As different governments unwind lockdown in various ways and at various paces, we thought we’d catch up with Head Teacher, Linda Rabuzin, to hear how both she and The Croatian Language School have fared during the last few months, and what their hopes are for the future.
Many thanks to Linda for taking some time out of her hectic schedule to chat to Jane Cody about life and work..
Jane: How’s the lockdown been for you and the school?
Linda: I’m very conscious that, relatively speaking, I’m one of the lucky ones. There is so much tragedy about; people, already going through hard times, have found their situations made so much more difficult by the pandemic. Professionally it’s been a mixed blessing: on the one hand, we’ve had to postpone our summer Language and Culture Course to Rijeka, Kvarner and Gorski kotar until next year. It’s a big disappointment to all of us but the time is not being wasted – our tour guides were already well prepared for the trip but now they are putting the extra time to good use and, over the next few months, we will be posting a series of articles on some of the hidden secrets of the region.
On the other hand, many of my existing students have more time on their hands for learning, and we have attracted several new students who have seized the opportunity of learning a new language in order to put their new-found spare time to good use. So I’ve been busier than ever with my Skype lessons and that, of course, has also meant that I’ve had plenty of pleasurable social contact, albeit of the virtual kind! I have such a lovely group of students and, although it’s sad hearing some of the challenges they are having to face at the moment, it’s very uplifting to help them achieve their language goals, see them develop their skills and generally interact with them in a positive way. There’s one other really noticeable benefit – my students are all busy people with a number of important commitments, which means that, occasionally, lessons have to be juggled or cancelled because of unforeseen events. It goes with the territory and I never mind, though rescheduling can be tricky sometimes. However, during lockdown, there were hardly any changes to my schedule and I was able to plan my days and weeks with far more confidence than I normally would have. In fact, I must say, that I was almost looking forward to a bit of juggling after a few weeks of knowing exactly what was going to happen each day!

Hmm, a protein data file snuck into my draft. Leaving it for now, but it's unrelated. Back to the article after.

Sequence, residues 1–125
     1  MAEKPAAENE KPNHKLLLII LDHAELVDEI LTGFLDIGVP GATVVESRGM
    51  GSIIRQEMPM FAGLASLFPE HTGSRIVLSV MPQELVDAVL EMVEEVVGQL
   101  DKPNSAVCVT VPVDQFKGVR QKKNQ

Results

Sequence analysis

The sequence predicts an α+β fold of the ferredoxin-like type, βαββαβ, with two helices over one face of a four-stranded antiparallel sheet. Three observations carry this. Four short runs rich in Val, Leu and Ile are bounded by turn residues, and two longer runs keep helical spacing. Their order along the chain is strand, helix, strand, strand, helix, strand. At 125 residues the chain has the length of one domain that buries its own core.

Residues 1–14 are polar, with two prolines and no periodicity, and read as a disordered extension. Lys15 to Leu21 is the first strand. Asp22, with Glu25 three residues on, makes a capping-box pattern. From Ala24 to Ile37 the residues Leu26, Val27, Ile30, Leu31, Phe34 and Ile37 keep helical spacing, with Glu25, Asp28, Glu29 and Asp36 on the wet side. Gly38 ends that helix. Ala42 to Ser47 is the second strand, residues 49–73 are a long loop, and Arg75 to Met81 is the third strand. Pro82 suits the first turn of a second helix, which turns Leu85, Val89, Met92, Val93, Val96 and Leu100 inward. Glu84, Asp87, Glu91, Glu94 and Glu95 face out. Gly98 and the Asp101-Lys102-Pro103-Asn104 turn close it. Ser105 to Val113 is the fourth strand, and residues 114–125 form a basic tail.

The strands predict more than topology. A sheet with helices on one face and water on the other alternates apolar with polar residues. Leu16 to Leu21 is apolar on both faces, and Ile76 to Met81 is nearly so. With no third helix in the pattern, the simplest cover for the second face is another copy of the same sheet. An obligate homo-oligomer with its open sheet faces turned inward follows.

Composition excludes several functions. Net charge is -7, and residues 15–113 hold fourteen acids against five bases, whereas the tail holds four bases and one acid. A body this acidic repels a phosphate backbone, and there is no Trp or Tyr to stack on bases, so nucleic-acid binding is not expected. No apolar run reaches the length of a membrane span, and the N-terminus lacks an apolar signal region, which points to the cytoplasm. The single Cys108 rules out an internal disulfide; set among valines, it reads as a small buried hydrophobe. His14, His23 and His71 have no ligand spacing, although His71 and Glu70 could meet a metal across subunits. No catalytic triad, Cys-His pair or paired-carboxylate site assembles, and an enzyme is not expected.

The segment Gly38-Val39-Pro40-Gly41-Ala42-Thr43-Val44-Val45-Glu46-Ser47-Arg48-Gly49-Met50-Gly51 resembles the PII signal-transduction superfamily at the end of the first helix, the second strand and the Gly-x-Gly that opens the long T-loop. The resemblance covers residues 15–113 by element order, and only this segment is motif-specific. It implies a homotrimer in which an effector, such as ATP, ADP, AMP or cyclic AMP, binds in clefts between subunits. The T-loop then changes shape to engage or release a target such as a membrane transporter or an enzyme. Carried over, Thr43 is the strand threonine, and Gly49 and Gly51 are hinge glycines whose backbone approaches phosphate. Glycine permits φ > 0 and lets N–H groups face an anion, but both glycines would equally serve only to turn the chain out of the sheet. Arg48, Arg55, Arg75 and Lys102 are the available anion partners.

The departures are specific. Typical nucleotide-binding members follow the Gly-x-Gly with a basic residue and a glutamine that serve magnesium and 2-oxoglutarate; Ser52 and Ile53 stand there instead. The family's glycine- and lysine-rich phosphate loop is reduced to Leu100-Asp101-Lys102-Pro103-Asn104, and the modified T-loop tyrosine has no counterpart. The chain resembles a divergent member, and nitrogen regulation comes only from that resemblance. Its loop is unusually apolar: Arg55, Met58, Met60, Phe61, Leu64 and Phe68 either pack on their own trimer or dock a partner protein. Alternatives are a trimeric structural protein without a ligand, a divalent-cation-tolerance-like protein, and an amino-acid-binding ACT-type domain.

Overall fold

Personally it’s been quite a challenge as there are four generations of us spread between Croatia and England and it’s been hard not being able to see my parents and grandchildren “in the flesh”. Normally, at this time of year, I would be teaching, in person, in Lošinj and Zagreb, as well as on Skype, and of course that’s not been possible. And although our base in Zagreb was not too badly damaged in the earthquake, it’s been more complicated trying to deal with that during the pandemic.
However, things are slowly beginning to return to a more “normal” normal and I am glad Croatia has dealt with the pandemic so well and effectively. Also to see that Croatia and England may have an air bridge to make travel between the two countries as safe and easy as possible without enforcing a period of isolation on either side. Who knows, perhaps it may indeed be possible to welcome some students to Lošinj before the summer is completely over?!
Jane: What is the state of lockdown in Zagreb? Are shops open and are there people in the streets? Do people wear masks out and about?
Linda: Zagreb is returning to a new normal. Fortunately, there is no longer a lockdown in the city, nor in Croatia itself. Like everywhere, Zagreb and its citizens experienced very difficult times due to the pandemic and also, as a result of the earthquake which happened here in March.
Shops, coffee shops, restaurants, hairdressers and many other businesses and services have re-opened now. A good feeling! Children are back to schools. There is a lot of ongoing work and repairs on buildings and in private homes. Zagreb is much quieter than it usually is at this time of year, but there is a good and positive feeling, especially while walking through the city in the mornings and seeing people in their favourite coffee shops chatting and laughing with friends over coffee, or just greeting other friends who do not have time to join them, but pass by in a hurry, smiling and saying: Bok! Bok! Oprosti! Žurim se, ali čujemo se uskoro!’ (Hi! Sorry! I have to dash, but speak to you later!)
Jane: Is Zagreb still significantly affected by the damage caused by the recent earthquake? Do you think it will have a lasting impact in terms of changes to the way people live or build their apartments and houses?